Kate Middleton Swore By HypnoBirthing: WTF Is It, & Is It As Crazy As It Sounds?

As long as people with uteruses have been giving birth, we’ve been trying to think of ways to make the entire process less hellish (thanks a f*cking lot, Eve). From water births to surrounding yourself with a bunch of crystals to just taking a f*ckton of drugs and hoping for the best, there are always new methods cropping up to try to, ahem, improve the birthing experience. And to be clear, no judgment on any method. Like, if someone had invented a way that allowed me to painlessly give birth by meditating in a pool and surrounding myself with dolphins, I would have been all ears. (Undergoing a C-section was definitely not that.) And while, to my knowledge, dolphins have not yet been integrated into the labor process, there is an approach to childbirth that’s been gaining traction that incorporates relaxation and meditation techniques, called Hypnobirthing. You may have heard of Hypnobirthing from Kate Middleton, who recently revealed that she had practiced it during her labors with Prince George, Princess Charlotte, and Prince Louis. So I decided to look into wtf Hypnobirthing is, and if it’s really as woo-woo as it sounds. Here’s what I found out.


According to Healthline, Hypnobirthing “involves various relaxation and self-hypnosis techniques to help relax the body before and during labor and birth.” So, basically, this sh*t is getting yourself into a near hypnotic state to use your super cool mind powers to “ignore” what’s happening and get through labor and delivery. “The idea is that when the body and mind are in a completely relaxed state, birth can happen more quickly and painlessly because the body doesn’t fight the natural process.”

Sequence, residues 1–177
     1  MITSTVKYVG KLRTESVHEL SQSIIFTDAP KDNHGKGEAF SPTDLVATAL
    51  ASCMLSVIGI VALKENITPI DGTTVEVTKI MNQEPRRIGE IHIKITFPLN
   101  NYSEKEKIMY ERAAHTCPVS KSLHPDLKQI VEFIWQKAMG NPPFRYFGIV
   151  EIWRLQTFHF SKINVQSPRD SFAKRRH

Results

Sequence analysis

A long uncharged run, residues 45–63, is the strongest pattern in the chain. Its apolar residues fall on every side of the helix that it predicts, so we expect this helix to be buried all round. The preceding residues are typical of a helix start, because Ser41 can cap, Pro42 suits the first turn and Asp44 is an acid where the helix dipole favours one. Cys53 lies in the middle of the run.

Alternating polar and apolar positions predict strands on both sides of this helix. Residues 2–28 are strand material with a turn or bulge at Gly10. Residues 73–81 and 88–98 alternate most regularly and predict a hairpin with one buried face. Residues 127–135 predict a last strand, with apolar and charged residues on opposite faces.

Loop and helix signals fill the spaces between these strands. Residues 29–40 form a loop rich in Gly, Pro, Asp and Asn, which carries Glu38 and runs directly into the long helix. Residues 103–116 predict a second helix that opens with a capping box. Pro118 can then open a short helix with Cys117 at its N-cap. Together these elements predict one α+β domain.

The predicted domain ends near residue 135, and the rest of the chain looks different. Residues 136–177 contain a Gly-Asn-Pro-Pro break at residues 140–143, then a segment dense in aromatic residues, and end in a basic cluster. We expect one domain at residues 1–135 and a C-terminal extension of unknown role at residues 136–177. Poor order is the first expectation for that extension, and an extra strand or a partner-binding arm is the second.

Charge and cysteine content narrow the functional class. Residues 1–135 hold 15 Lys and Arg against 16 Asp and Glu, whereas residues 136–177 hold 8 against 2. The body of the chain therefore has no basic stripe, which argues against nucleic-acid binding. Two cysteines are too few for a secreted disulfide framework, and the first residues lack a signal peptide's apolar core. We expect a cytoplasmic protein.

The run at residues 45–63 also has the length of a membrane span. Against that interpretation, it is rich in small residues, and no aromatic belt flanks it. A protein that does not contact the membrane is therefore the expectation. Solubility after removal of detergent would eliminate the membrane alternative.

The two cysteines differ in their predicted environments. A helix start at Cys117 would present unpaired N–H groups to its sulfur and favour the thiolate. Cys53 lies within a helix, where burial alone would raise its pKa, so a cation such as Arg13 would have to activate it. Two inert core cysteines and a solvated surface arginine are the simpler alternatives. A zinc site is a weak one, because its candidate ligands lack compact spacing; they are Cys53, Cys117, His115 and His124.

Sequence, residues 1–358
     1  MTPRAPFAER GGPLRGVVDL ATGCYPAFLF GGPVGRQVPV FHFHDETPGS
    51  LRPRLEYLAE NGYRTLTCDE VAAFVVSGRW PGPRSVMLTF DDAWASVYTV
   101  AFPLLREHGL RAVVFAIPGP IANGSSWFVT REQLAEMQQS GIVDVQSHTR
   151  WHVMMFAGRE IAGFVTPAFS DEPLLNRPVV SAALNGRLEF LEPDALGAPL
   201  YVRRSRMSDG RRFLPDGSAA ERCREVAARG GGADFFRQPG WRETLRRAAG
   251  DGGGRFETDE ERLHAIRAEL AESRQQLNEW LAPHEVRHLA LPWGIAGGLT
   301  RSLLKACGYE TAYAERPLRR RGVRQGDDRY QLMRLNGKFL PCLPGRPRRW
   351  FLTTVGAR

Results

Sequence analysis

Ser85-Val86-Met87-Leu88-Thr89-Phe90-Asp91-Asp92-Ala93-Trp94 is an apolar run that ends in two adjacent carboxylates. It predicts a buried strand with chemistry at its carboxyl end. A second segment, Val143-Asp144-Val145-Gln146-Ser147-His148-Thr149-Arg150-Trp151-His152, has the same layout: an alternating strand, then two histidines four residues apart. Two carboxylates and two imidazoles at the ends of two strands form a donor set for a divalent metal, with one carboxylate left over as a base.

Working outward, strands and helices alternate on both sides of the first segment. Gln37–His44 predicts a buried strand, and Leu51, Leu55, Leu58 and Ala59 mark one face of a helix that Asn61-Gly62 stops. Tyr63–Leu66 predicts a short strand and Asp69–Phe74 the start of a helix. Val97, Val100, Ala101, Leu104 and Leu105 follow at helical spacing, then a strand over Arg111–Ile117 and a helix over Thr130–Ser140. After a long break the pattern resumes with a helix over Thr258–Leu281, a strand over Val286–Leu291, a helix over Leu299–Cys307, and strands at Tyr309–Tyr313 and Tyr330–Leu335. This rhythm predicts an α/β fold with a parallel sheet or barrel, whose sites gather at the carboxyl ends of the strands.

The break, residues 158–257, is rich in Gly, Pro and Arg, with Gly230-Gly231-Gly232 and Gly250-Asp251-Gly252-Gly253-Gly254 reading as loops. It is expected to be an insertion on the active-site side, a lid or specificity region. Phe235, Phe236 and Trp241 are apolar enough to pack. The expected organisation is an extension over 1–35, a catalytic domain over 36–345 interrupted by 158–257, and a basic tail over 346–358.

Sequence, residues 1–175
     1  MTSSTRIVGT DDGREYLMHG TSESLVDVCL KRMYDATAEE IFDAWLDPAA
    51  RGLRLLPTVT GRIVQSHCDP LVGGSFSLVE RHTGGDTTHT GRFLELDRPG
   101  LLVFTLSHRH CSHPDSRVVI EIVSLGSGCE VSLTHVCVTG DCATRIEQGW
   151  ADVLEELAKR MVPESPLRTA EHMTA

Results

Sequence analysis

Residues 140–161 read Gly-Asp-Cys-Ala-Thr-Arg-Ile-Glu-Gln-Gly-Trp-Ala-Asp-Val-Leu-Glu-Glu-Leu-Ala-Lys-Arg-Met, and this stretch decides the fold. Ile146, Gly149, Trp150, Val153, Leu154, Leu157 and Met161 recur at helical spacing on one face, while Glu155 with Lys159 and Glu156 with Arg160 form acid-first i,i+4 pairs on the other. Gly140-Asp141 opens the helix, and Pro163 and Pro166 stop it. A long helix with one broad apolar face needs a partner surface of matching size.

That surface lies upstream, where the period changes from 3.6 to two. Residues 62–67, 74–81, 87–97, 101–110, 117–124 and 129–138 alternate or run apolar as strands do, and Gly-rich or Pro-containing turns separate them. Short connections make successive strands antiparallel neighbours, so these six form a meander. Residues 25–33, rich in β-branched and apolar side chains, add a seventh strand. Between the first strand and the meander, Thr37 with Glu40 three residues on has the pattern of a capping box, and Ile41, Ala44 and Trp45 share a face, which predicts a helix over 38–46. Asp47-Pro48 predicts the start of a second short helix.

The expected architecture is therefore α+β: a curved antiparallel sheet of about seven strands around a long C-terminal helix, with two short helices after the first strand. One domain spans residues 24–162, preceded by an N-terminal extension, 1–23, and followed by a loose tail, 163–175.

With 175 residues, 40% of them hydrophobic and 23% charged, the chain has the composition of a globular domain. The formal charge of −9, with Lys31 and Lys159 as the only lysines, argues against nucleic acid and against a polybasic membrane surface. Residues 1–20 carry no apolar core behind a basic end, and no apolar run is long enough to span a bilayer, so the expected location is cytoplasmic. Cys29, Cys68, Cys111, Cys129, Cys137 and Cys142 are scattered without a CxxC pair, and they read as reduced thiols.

How is that possible? Healthline explains how Hypnobirthing uses a combination of controlled breathing, positivity, and “guided visualization” to keep your body from becoming tense. Like, instead of referring to the agonizing tightening and widening of your cervix as “contractions”, Hypnobirthing calls them “waves.” Instead of visualizing the horrible things happening to your downstairs area, you’ll be guided to visualize a lovely flower slowly opening. Awww, that’s so nice, you guys! Basically, it’s just a way to distract and train your mind to focus on the positive and natural part of labor instead of the frequently negative and painful aspects of it.

Hmmm. I know the mind is a powerful thing, but how much can you actually do to meditate through your vagina being ripped in half by an eight- to ten-pound watermelon? We’ll get into that in a sec. Personally, I had a C-section, and that sh*t was awesome because, well, I didn’t feel much of anything and wasn’t afraid of my pelvic floor being destroyed. Don’t get me wrong, it was still painful and terrible in its own way, but at least I didn’t have to visualize flowers.

How Does Hypnobirthing Work?

There are a few different methods for Hypnobirthing. The Mongan Method, founded by licensed hypnotherapist Marie Mongan, is considered the OG and involves a few classes beforehand to get you ready for the big day. On the Hypnobirthing official website, Mongan explains how these classes teach mothers-to-be to reprogram their brain and their approach to giving birth. She believes that because we have been convinced that labor is painful and scary, we become more nervous and subsequently tenser during labor, which in turn does make it more physically painful. Instead, The Mongan Method encourages/hynoptizes moms into thinking birth is painless and easy.
The Mongan Method describes how it works on its website: “Through a very simple program of self-hypnosis and education, healthy, low-risk women…learn to dismiss fear-based stories, misinformation, and birthing myths; and they are helped to see birth as normal.” Mongan adds, “They learn to trust that their bodies know how to bring their babies into the world in the calm and gentle way that Nature intended.” The Mongan Method leans on the belief that if your body is relaxed enough, you don’t have to experience severe pain, and if you don’t think it will hurt, then it won’t hurt.  I’ll keep that in mind the next time I step on a Lego.